Even after a long stretch of smooth sailing, a stint of choppy waters can leave you on edge about what happens next. That's how many 401(k) savers are feeling after the coronavirus-fueled market crash last March. According to a recent survey from investment manager and insurance provider Principal, 29% of workers are very concerned about future stock market volatility and how it will affect their wealth.

That concern is understandable. It's both frustrating and scary to realize your retirement depends on the stock market, but you can't predict or control its behavior. The thing is, a rough patch in the market doesn't automatically mean the end of your 401(k) or your chances for a comfortable retirement. Here are three reasons why.

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1. You are appropriately invested for your age

Your age determines how many years you have until retirement, which is also your 401(k) investment timeline. That timeline should strongly influence your investment approach.

When retirement is still decades away, you can invest more aggressively in equities to maximize your earnings growth. As you near retirement, it's smart to balance those equity positions with a greater percentage of bond holdings. Bonds don't grow the way equities do, but they have a stabilizing effect on your portfolio.

More specifically, your percentage of equity holdings should be something close to 110 minus your age. Using that guideline, your portfolio at age 30 would consist of 80% equity funds and 20% bond funds. At that level of equity exposure, a big market downturn will reduce the value of your 401(k). But since you don't need the money for 30 or 35 years, you can simply wait for the market, and your balance, to recover.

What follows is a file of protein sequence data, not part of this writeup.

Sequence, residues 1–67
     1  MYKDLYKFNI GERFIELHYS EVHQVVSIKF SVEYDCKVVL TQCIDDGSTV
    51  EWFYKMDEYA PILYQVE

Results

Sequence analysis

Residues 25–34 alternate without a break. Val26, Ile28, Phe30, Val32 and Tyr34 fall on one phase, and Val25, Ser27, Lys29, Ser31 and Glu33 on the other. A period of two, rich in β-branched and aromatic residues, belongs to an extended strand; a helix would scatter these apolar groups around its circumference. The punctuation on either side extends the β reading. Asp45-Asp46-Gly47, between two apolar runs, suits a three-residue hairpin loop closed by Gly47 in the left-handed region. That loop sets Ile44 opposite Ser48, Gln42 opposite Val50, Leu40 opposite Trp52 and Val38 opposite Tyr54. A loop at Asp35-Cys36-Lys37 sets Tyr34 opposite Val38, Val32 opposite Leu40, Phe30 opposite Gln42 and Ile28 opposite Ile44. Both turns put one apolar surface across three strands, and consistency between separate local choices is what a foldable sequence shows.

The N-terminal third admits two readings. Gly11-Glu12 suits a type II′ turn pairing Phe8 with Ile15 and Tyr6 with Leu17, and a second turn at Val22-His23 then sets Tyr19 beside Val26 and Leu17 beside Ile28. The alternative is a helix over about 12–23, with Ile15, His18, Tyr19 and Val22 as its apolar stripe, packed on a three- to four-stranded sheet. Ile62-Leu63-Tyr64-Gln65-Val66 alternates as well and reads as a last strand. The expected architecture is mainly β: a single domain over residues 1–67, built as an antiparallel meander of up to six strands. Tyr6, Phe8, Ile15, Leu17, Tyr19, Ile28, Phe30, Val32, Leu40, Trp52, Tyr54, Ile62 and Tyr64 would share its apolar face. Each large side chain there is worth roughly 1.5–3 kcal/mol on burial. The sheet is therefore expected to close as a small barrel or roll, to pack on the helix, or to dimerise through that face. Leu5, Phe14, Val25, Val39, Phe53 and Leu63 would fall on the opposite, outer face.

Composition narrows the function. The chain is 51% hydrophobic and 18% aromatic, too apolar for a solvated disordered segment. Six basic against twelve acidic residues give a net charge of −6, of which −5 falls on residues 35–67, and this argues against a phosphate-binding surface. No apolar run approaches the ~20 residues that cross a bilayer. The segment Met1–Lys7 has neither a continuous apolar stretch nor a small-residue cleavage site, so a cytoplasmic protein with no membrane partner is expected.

That dynamic changes as you near retirement. At age 60, you don't have all the time in the world. You may be only a few years from taking retirement distributions, and that's the wrong time to see your 401(k) balance tank by 20% or 30%. You'd insulate yourself from that outcome with a lower equity percentage, say 60% equities and 40% bonds. That way, a market downturn won't cut as deeply into your balance.

2. You will keep making contributions through a downturn

Market volatility takes its toll on the value of your portfolio, but it also creates opportunity. If you continue on with your normal 401(k) contributions even as share prices are dropping, you'll be picking up more shares for the same total dollar amount. That lowers your overall cost basis. And more importantly, it positions you to benefit nicely when those share prices rebound.

3. You have an emergency fund

If you don't have an emergency fund, you probably have two ways to raise cash fast when something bad happens. You can charge the emergency expense to a credit card, or you can pull the money from your 401(k).

Either option is destructive financially, but draining your retirement account has long-lasting consequences that are difficult to overcome. That's particularly true if you had to withdraw the funds while share prices are down. At that point, you've realized losses, and you no longer have the opportunity to participate in recovery gains on the shares you liquidated.

Maintaining a cash emergency fund protects you from having to tap into your 401(k) or add big charges to your credit card. Shoot for a balance that will cover three to six months of your living expenses. And if you have to use the money for something, plan on replenishing it as fast as you can.

Stay the course 

The market may get choppy in 2021, or it may not. There's truly no way of knowing. But if the worst happens, know that your 401(k) will survive -- as long as you are invested according to your retirement timeline, you stay the course with your contributions, and you keep extra cash on hand to help you through those rough waters.